Inflation has already hit 40-year highs, stretching pocketbooks and causing hardship for many Americans. Some economists call it inflation shock, accompanied by dreaded predictions of a recession.
The Federal Reserve is responding by raising interest rates. Forbes media CEO and former Republican presidential candidate Steve Forbes believes the Fed's efforts to cool down the economy may only make matters worse.
"That's what they mean when they say soft landing," Forbes explained. "What they really mean is more unemployment. And all too often, it leads to a crash landing for the economy."
In his new book, Inflation: What It Is, Why It's Bad and How to Fix It, Forbes provides readers with an easy-to-understand primer on inflation.
He says skyrocketing price increases are only the symptoms, not the cause of inflation. Forbes blames out-of-control spending as one cause. Americans have seen the national debt triple since President Obama entered office in January 2009 and it now stands at more than $30 trillion.
Forbes points to a concept embraced by Congress and the president called a modern monetary theory.
"Modern monetary theory says you can devalue the dollar, you can print as many dollars as you like, spend as much as you like, without consequences," he said. "And that's what we're experiencing today. They trash the dollar. They hurt production. And prices go up."
What about non-monetary inflation? A COVID outbreak caused China's communist government to confine Shanghai residents to their homes during the month of April and that led to a slowdown in manufacturing.
Shanghai is a manufacturing hub and home to the world's largest port. Similar lockdowns are already underway in parts of Beijing.
So, how might that affect the global supply chain and prices here in the United States? Will prices of food and consumer products jump even more due to lack of availability?
"What that means is, is that price increases are going to be continuing to be with us," Forbes predicted. "And that's, again, the non-monetary kind of inflation, this kind of artificial disruption."
"Shutting down a whole city, the most sophisticated and largest city in China, (was) very foolish. But they did it and that hurts. And those kinds of things – that monetary kind of inflation is something that if governments just leave the economy alone, people will work it out, get around it."
Forbes believes Americans need to be prepared for worse inflation in the months ahead.
"Do you think prices are bad now? Wait until a year, a year-and-a-half when the Federal Reserve follows through on printing a lot more money, then you're going to really hurt at the pump and at the marketplace."
Forbes stands by his long-held belief in returning to the gold standard, an action that would restore a strong U.S. economy and keep inflation down. He believes tying the dollar to gold would stabilize the dollar and guarantee that its value wouldn't change.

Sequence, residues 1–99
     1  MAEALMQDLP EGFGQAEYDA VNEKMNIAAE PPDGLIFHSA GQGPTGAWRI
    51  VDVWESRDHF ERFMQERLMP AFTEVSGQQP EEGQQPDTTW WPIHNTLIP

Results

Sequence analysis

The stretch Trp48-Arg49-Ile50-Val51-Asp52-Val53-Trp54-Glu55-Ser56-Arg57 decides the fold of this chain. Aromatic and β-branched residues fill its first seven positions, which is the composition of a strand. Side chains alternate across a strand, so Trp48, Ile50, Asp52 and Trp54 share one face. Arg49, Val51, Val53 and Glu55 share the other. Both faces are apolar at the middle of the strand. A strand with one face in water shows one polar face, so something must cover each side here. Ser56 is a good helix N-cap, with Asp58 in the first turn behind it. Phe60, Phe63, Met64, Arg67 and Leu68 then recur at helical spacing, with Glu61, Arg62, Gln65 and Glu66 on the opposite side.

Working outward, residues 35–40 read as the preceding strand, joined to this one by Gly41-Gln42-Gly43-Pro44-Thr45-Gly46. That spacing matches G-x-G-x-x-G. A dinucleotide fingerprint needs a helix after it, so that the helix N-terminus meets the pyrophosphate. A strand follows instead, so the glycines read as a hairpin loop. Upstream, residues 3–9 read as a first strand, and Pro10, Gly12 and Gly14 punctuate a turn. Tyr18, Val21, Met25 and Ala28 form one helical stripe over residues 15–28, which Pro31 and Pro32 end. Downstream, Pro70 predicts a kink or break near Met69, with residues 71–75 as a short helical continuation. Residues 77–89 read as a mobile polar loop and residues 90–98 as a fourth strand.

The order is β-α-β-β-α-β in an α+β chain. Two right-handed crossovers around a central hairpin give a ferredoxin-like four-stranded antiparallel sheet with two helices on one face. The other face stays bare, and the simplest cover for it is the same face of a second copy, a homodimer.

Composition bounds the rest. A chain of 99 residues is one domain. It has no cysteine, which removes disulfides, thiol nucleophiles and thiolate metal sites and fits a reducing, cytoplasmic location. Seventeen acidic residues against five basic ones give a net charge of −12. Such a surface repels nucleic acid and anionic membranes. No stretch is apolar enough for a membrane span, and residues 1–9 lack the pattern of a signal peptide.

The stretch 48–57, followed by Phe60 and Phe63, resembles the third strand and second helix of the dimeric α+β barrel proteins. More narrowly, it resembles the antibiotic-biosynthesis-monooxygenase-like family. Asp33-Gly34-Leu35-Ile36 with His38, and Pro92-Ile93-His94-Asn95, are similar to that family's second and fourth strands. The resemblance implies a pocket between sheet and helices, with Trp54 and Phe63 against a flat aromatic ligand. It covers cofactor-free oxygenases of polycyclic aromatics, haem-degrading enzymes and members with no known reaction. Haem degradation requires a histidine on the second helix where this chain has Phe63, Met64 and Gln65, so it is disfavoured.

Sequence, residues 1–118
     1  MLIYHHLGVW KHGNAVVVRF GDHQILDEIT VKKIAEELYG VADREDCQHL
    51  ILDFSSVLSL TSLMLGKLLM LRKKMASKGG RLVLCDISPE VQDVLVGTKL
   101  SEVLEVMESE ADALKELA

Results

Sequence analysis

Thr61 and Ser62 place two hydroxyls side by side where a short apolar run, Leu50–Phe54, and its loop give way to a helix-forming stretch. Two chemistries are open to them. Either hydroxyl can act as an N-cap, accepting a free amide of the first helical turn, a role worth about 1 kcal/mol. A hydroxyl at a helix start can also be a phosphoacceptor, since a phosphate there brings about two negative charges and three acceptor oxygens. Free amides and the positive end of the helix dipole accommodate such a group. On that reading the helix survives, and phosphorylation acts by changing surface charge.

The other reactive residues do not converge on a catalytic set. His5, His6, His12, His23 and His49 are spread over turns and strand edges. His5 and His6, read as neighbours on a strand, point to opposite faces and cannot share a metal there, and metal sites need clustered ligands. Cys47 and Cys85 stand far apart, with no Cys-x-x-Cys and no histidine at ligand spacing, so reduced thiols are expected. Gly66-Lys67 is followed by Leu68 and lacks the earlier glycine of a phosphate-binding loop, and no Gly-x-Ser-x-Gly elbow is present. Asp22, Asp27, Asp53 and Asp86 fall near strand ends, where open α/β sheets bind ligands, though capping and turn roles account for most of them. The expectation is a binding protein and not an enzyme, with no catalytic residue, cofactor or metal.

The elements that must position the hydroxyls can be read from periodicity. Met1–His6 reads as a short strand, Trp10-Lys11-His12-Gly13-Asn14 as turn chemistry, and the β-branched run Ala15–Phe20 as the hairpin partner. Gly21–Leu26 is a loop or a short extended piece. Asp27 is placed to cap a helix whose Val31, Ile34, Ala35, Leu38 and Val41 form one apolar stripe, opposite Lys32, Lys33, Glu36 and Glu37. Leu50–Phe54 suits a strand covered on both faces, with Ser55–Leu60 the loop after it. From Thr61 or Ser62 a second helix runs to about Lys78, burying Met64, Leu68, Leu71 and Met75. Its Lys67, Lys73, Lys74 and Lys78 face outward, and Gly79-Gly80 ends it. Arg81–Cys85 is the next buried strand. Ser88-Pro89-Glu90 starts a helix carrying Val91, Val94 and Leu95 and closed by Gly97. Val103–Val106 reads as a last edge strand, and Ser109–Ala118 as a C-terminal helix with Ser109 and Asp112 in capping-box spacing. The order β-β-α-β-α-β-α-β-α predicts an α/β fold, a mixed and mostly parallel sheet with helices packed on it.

For 180 years, the value of the dollar had been tied to gold until the 1970s when President Richard Nixon ended the policy and implemented a series of wage and price controls.
"And since then, the average growth rate of the United States has fallen by more than one third, from a little over 4% to about a little over two-and-a-half, two and three-quarters percent," Forbes explained.
"That doesn't sound like very much, but over a 50-year period, what that has meant is that household incomes today are about $68,000. If we'd maintain the kind of growth we had for 180 years under the gold standard, that average household income would be 100 to $110,000."
As individuals seek to protect their money and investments, they could be tempted to look to cryptocurrency. Forbes, however, prefers Stablecoins over Bitcoin.
"Stablecoin cryptocurrencies are tied to a specific asset like gold or the dollar, so you don't get the kind of fluctuations," he said.
"And so, you would never take a mortgage out in Bitcoin. Say you took a $250,000 mortgage out in Bitcoin. You may end up a year later owing $2.5 million. And so that kind of instability doesn't make it work as a currency."
But Forbes sees a time coming when Stablecoins could compete with government money like the U.S. dollar, British sterling, Japanese Yen, or the Euro. "People would use these Stablecoins rather than the untrustworthy money that comes from government," he explained.
And what about the flat tax? When Forbes ran for president in both 1996 and 2000, he proposed that the government adopt a simple, single rate of taxation. He said he still believes that would help Americans and stabilize the economy.
"We now have literally millions of words in the federal corrupt federal income tax code that nobody understands, the IRS is hopeless today," Forbes insisted.
"I used to say bury the code, but the EPA probably wouldn't allow that. It's toxic, so let's just throw it out and just start all over again. Single rate now under a flat tax. For example, a family of four, for their first $52,800 of salary would be free of federal income tax."
"Go to a simple flat tax. Go to doing what we did for 180 years. Fix the dollar to gold. And by golly, you'll see this country boom like it's never done before."